A new poll This morning, the two Democrats are ahead of the outgoing Republicans in the two Senate second-round races in Georgia. The survey was conducted by SurveyUSA on behalf of local Georgia outlet 11Alive and interviewed 850 Georgia residents, most of whom are registered to vote and more than half of whom said they would likely vote in the second. tour on January 5.
In one race, Democratic candidate Jon Ossoff has a marginal lead over Republican Senator David Perdue, 50% to 48%. Aside from the regular poll skepticism, this should be taken with a grain of salt; Numerous polls ahead of the Nov. 3 election showed Ossoff ahead of Perdue and the Democrat finished nearly 100,000 votes behind, even though Perdue did not hit the 51% threshold to avoid a runoff.
In the other race – a special election for the Senate seat currently held by Republican Kelly Loeffler – Democratic candidate Raphael Warnock has a bigger advantage according to this new poll. Warnock received the support of 52% of respondents, compared to 45% for Loeffler. In the November 3 election, Warnock finished ahead of Loeffler by 33% to 26%.
At 96 percent, Perdue has slightly more support among Republicans than Loeffler, who has 92 percent support among Republican voters. Of those who say they voted for Donald Trump on Nov. 3, 97% plan to support Perdue and 94 say they will vote for Loeffler. Meanwhile, Warnock has slightly more support among Democrats (97%) than Ossoff (94). Self-proclaimed moderate voters split slightly for Democratic candidates in both races, three to two for Ossoff and two to one for Warnock.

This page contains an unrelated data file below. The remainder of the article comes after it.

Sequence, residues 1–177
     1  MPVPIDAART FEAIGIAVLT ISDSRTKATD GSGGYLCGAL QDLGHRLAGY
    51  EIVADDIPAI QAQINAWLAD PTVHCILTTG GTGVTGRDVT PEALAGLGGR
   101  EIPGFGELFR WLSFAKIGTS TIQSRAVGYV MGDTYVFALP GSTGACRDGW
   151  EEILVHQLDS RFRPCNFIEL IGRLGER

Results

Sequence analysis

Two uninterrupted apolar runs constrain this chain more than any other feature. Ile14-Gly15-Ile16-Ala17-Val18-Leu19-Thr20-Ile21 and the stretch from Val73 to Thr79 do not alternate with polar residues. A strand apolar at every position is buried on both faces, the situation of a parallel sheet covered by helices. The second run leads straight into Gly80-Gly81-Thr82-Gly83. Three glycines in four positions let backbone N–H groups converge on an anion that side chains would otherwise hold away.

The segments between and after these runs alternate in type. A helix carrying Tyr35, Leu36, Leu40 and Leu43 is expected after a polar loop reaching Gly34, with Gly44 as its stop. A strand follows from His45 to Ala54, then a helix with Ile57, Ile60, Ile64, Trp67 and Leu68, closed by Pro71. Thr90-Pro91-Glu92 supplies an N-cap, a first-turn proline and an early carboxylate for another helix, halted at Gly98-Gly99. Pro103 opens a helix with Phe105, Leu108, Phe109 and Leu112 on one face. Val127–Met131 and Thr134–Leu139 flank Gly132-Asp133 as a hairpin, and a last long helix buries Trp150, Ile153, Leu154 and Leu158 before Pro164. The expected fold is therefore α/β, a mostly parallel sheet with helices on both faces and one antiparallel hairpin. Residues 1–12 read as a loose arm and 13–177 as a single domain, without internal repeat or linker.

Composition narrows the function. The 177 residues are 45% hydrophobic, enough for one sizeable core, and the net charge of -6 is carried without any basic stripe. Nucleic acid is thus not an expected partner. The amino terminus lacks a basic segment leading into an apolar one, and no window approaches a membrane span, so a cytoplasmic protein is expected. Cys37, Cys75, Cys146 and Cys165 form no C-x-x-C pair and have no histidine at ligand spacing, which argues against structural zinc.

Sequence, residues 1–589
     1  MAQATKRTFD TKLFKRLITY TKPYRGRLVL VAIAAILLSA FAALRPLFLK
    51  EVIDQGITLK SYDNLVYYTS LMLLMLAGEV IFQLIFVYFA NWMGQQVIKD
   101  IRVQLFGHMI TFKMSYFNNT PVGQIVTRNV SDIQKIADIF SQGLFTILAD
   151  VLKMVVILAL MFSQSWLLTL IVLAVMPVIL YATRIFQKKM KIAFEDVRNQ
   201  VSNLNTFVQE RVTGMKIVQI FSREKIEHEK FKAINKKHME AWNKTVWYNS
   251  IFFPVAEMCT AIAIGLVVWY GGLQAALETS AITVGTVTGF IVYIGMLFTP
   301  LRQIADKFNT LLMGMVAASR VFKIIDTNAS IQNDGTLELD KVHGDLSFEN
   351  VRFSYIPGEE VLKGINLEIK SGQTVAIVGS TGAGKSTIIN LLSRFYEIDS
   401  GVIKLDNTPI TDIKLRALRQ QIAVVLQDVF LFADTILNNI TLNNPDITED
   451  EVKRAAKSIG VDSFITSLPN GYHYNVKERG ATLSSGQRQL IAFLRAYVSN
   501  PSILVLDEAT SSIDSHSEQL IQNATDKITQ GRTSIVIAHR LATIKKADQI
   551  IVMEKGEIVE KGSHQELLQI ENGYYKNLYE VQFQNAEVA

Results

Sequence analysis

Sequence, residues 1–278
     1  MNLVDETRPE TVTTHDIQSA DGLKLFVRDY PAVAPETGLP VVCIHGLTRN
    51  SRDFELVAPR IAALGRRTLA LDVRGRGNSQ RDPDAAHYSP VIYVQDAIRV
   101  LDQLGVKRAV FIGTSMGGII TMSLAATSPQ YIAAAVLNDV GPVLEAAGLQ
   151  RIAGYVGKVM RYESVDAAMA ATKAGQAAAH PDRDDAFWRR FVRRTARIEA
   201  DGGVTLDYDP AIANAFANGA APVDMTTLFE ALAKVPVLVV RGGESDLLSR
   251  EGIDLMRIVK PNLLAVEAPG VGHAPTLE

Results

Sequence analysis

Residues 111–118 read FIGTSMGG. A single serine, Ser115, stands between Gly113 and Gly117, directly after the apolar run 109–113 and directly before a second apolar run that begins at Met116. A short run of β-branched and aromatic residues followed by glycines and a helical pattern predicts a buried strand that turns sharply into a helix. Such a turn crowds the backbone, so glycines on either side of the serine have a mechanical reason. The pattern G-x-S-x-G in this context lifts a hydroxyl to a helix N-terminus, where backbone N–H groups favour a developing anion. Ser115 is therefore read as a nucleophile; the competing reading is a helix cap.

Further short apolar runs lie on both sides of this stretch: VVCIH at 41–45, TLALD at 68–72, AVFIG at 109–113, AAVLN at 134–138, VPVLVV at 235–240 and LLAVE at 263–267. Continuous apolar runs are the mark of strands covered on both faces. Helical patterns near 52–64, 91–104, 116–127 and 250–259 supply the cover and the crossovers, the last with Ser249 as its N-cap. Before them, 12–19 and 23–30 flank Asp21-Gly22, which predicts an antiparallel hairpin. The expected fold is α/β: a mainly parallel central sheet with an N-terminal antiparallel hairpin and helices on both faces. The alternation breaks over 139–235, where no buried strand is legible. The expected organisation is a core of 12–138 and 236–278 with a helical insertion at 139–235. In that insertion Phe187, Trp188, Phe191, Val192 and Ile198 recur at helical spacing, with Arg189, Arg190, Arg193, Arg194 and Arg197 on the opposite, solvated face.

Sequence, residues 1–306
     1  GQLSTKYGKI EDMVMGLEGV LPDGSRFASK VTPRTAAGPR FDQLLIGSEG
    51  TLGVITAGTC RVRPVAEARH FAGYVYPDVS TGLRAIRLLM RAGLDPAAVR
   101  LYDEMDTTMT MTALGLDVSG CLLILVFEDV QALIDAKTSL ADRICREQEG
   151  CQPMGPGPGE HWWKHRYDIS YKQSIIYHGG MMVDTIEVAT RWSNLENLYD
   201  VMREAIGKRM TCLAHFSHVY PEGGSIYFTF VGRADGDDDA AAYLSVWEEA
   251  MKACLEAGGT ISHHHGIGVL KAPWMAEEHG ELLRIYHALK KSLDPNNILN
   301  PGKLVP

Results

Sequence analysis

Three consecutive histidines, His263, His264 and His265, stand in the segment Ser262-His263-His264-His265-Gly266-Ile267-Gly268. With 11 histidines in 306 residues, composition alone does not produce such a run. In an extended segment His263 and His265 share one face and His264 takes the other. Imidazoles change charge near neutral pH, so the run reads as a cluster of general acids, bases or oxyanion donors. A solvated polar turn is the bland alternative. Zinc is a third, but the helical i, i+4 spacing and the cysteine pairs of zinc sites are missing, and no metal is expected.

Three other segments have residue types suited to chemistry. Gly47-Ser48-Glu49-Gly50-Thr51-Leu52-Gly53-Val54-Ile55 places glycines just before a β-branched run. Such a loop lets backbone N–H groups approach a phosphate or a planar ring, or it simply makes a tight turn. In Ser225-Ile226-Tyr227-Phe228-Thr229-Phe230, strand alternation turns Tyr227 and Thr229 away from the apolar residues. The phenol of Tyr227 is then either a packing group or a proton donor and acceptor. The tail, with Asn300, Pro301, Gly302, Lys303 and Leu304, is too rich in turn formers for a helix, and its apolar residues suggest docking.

Sure Twitter, New York Times Analyst Nate Cohn said the second-round ballot so far reminds him of “the second round of GA-6 voting in 2017,” when Ossoff lost to Republican candidate Karen Handel in a contest for a House seat in the Sixth Congressional District of Georgia. “The D / R division in the primary has beaten the polls, including a variety of SurveyUSA polls (which peaked at Ossoff + 7),” Cohn pointed out. Ossoff then lost that race by more than five points, despite his advantage in the poll.